China provides premarital counseling to delay the pace of divorce
China provides couples state-sponsored therapy until they get hitched in an effort to ease up divorce rates. Over the past two decades, marital breakups have surged as divorce laws have been liberalized and more women have become more financially stable, preferring jobs first, and family second.
According to the Ministry of Civil Affairs, last year 4.15 million Chinese couples untied the knot – up from 1.3 million in 2003 when spouses were first allowed to divorce without going to court by mutual consent. In an effort to reverse the trend, marriage registry offices around the country can provide premarital therapy facilities to avert “from getting-go” conflicts.
According to the Civil Affairs Ministry and All-China Women’s Federation Guideline released Tuesday. It is not clear whether both partners are obligated to get advice before they get married, or who will pay for it. Higher divorce rates have been a problem for officials who want to raise birth rates and keep China provides premarital counseling from becoming grey until it gets rich.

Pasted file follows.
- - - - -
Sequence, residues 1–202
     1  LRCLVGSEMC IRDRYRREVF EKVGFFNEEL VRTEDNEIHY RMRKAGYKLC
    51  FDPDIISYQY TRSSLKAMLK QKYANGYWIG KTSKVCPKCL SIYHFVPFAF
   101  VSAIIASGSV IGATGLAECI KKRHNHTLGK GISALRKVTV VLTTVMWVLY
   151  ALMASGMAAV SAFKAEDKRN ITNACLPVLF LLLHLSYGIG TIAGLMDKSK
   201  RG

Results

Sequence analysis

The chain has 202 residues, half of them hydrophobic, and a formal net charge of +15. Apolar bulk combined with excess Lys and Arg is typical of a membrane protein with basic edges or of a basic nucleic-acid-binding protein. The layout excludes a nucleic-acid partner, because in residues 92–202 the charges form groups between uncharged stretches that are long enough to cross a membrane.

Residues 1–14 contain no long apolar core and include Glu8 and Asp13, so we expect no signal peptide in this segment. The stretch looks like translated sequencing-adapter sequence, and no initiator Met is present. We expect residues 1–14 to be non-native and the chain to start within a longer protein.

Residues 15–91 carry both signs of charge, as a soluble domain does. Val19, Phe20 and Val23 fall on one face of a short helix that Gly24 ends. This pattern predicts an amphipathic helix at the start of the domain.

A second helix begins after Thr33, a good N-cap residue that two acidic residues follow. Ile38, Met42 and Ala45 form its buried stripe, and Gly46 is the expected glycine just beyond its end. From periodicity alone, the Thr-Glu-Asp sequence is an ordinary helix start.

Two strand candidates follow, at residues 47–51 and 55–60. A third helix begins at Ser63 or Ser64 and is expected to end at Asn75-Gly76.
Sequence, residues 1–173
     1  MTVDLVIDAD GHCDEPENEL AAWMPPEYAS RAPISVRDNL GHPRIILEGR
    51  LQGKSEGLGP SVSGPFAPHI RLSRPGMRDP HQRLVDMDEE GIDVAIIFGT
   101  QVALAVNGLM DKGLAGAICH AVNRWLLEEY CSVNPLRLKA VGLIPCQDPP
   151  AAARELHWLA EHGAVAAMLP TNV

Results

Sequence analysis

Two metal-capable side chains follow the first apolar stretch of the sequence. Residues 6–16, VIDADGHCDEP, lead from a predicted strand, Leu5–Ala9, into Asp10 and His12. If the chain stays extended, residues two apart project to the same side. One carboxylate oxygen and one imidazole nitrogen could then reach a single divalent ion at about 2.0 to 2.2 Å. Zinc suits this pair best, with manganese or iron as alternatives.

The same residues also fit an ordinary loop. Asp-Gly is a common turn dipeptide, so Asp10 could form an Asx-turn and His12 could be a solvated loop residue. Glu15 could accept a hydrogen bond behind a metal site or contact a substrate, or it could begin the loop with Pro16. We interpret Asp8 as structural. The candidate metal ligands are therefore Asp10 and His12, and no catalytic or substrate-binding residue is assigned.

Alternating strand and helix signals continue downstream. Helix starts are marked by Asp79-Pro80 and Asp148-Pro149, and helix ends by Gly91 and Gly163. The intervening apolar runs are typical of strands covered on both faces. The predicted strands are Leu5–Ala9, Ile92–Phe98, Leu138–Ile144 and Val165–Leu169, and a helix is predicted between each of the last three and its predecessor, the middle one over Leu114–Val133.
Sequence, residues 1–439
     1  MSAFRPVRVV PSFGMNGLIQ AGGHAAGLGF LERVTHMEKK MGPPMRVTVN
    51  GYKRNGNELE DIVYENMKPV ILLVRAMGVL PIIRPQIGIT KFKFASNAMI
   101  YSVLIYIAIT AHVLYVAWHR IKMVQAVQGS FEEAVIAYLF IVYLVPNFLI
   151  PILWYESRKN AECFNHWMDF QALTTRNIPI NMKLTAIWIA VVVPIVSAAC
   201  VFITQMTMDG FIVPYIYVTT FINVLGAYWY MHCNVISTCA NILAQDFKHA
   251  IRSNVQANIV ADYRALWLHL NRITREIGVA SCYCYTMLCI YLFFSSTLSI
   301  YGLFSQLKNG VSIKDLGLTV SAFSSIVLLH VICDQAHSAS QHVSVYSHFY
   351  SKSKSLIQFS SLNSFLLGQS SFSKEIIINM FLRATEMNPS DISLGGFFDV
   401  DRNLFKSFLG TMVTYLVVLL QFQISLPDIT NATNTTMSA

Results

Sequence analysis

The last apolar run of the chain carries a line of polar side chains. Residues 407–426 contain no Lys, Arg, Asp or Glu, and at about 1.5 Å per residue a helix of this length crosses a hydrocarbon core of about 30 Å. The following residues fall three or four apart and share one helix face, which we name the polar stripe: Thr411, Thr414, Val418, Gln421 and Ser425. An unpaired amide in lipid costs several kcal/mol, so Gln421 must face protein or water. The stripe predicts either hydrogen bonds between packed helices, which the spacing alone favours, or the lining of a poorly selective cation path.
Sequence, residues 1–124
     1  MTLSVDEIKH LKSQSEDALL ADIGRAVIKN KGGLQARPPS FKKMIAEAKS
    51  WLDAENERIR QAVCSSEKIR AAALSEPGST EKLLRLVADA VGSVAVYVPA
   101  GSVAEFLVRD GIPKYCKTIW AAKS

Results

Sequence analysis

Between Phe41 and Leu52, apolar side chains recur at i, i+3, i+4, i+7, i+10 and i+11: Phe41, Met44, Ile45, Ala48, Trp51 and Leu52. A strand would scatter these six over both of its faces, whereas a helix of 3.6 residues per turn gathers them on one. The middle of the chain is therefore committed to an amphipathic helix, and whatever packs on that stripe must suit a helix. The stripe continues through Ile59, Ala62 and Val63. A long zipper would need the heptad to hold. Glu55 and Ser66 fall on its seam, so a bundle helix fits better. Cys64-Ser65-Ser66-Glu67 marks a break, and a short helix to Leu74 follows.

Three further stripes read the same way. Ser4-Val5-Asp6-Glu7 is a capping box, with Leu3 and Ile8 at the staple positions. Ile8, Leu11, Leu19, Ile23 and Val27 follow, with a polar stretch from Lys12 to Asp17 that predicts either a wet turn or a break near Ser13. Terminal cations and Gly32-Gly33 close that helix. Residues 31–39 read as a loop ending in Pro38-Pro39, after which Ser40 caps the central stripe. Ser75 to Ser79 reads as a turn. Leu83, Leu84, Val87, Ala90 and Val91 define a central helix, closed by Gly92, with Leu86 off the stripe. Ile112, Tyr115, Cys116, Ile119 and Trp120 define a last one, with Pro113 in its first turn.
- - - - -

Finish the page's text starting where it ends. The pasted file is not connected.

But, in the past, state involvement in private affairs has caused uproar. When it was approved in March, a month-long cooling-off period for couples filed for divorce — included in a civil code that takes effect next year — was met with intense online criticism. The current guidelines also aim to make the process of recording marriages more “solemn and intense.”
Present marriages at the city hall will take just minutes. The marriage rate of the country reached an 11-year low in 2018, with just around 10.14 million couples marrying the knot, down 4.6 per cent from the previous year, civil affairs ministry data shows. The recommendations were received with derision, with more than 670 million views on popula on the hashtag “My country needs to improve marriage registration”